Glorial Steinem: "Sex Is Not Work"
"Women are systematized into this demand and supply cycle and don't have a choice as far as choosing this profession or even the gender they are born into" - Gloria Steinem.
For the longest period, the raging debate has been on whether prostitution should be legalized or not? Whether sex could be acknowledged as ‘work’ and what sort of labour, civil or human rights can be legislated for sex workers.
They say, and I don’t know with how much accuracy, that prostitution is one of the oldest professions. But that doesn’t deter it from keeping the morality surrounding it unchanged. In the yesteryears, the focus was entirely on the ‘prostitute’ (with all the laden moralistic implications), who would be stoned and ostracized from the society to keep the “impurity” at bay. Gradually with the civil rights movement and the feminist movement, the focus shifted on the pimp, the corrupt system and the moralistic society for unfairly creating the circumstances, where ‘victims’ hardly had any options to make a choice.
States legislated laws on prostitution, however, mostly condemning and criminalizing the sale of the flesh. But anyone who knows the basic laws of economics would understand that as long as there is demand, supply will never fall short. And that is the entry point of the argument that renowned feminist author and activist, Gloria Steinem, made in a lecture at Jawaharlal Nehru University (New Delhi) organized by Apne Aap on the feminist approaches on combating sex trafficking and prostitution.
(L) Gloria Steinem (R) Ruchira Gupta, Founder President of Apne Aap. (Photo Credit: Makepeace Sitlhou)
“The prostitution industry is getting bigger and bigger with very less scope of choice into it. Instead of criminalizing the seller, penalize the buyer”.
It was at one level surprising to hear a seasoned feminist take an oppositional stand against sex work as one is led to believe that feminism purports the idea of choice for women, in particular, and goes beyond moral strictures that confine them to live a life of liberty. While the earlier waves of feminism may have lifted the veil of shame from ‘sex work’ and attempted to liberate the term ‘slut’ from a slur/insult to its celebration or positive prominence, it certainly did nothing to curb the ongoing prostitution and the cycle of sex trafficking that flourished over the decades into the billion dollar industry that it is today. While the earlier waves of feminism acknowledged women in prostitution as ‘a part of the society’ and fought for legislative rights in ration cards, voting rights or improving working conditions, it never alleviated women from the status of a ‘prostitute’ or the risk of falling into prostitution.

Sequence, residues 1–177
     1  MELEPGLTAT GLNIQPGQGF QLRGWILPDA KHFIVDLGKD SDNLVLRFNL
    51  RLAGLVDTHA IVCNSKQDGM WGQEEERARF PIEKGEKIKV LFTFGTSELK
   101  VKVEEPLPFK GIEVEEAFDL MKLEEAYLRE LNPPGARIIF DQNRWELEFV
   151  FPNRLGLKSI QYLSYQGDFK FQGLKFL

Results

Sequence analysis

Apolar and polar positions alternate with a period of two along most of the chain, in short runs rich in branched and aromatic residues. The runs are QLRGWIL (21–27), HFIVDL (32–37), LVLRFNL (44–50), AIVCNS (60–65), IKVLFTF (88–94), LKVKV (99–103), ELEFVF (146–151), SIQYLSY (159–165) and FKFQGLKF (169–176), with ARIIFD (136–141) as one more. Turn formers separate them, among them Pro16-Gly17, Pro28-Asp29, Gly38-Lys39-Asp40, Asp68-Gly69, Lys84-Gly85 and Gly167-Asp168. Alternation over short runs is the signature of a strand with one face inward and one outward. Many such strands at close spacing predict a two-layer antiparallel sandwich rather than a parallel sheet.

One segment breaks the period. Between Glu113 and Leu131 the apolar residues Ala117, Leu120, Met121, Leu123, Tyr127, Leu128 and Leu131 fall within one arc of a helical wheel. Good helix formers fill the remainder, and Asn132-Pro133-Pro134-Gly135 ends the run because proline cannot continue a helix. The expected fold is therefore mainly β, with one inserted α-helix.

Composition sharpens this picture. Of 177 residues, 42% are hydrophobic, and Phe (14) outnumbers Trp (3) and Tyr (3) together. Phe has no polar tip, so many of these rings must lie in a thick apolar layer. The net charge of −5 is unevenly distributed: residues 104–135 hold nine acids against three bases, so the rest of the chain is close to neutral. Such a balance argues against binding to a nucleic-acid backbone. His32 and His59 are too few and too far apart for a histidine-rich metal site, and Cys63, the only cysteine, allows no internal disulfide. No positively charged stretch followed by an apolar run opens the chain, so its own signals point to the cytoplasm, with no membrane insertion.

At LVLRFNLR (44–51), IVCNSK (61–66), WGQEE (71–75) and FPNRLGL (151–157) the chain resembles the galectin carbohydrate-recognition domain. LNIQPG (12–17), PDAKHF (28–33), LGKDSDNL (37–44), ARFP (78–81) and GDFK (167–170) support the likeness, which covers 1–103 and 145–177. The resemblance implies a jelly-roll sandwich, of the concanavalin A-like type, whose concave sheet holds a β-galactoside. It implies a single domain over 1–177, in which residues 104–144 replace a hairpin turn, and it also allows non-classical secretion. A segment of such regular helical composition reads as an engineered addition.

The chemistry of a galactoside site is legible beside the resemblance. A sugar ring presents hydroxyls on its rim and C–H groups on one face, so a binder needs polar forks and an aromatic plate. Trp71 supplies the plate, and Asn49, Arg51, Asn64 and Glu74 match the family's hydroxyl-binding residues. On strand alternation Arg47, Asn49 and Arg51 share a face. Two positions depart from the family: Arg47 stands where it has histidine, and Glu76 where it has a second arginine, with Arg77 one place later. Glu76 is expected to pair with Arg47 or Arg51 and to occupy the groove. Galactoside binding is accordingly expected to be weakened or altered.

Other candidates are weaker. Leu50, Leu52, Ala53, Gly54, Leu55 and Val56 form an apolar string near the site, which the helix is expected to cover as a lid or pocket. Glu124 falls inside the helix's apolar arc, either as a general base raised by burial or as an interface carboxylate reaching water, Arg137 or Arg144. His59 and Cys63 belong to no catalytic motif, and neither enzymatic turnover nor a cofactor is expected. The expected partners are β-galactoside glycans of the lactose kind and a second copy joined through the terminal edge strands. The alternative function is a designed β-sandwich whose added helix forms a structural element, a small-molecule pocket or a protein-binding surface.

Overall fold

Steinem challenges if ‘sex’ can ever be democratically and dignifiedly labeled ‘work’. She said,
“While all other occupations have physical, mental and sexual hazards and risks, prostitution is one such vocation that has an inherent risk towards violence against women as it involves penetration, which is an invasion of the human body, unlike in any other vocation. Prostitution cannot be legislated since the dignity of the body is constantly negotiated”.
The initial argument about penalizing or criminalizing the buyer seems like a valid point on taking proactive steps towards crippling this worldwide industry. If consumers know and understand that they pay not only for the pleasure of a misconstrued fantasy for an hour or night but are in effect injecting fuel into the fire of human rights violations and ensuring that that victim will never get out and more innocent and younger children will get pulled into this. However, for an unforeseeable and uncertain future, it seems less agreeable to rob sex workers of their present identity and dignity, both going hand in hand. True, that identifying someone as a sex worker legitimizes their work and the industry they earn their bread and butter from. However, to neglect their civil, labour or human rights would throw them back in the stone ages of abuse, disease, malnutrition, shunned voices – much like the current status of men who have sex with men that is neither identified under prostitution nor any sexual orientation - therefore, perpetuating the vicious cycle of sex trafficking and trade.
Photo Credit: Makepeace Sitlhou
Steinem, of course, is not of the extreme stand that calls for the abolition of sex slavery as a clean sweep solution. She speaks about the third way out of trafficking and prostitution i.e. the option of creating alternatives for a sex worker. To do this, she believes, we need to start listening to each other to find local solutions to the problem. So the alternative for young girls could be to go to schools to get an education and for women could be to get micro financed into self employment. Note that Steinem calls them alternatives, NOT solutions because girls at school or women at work are just as much at risk of sexual harassment, assault as well as a relapse into sex work.
Its not like there are no exits and no light at the end of this winding tunnel. While Gloria may have identified that alternatives must be fiercely provided everywhere possible, one would emphasize on the need to work on sustaining these alternatives as developmental models while simultaneously negotiating cultural constructs of patriarchy, gender, masculinity and sexuality.
Steinem rightly broughtl the discussion to a close in saying,
“We need to bring back the culture where sexuality is its own reward and not commercialized”.
Gloria Steinem is an American feminist, journalist and political activist who emerged as a prominent voice of the women’s rights movement in the 1960’s and 70’s. You can follow her on Twitter at @GloriaSteinem.
For an overview understanding of how sex trafficking and prostitution works, the movie ‘Human Trafficking’ (2005) is a recommended watch.
| Previous Post|
| Next Post|
Kudumbashree: Lessons from Kerala on Woman Empowerment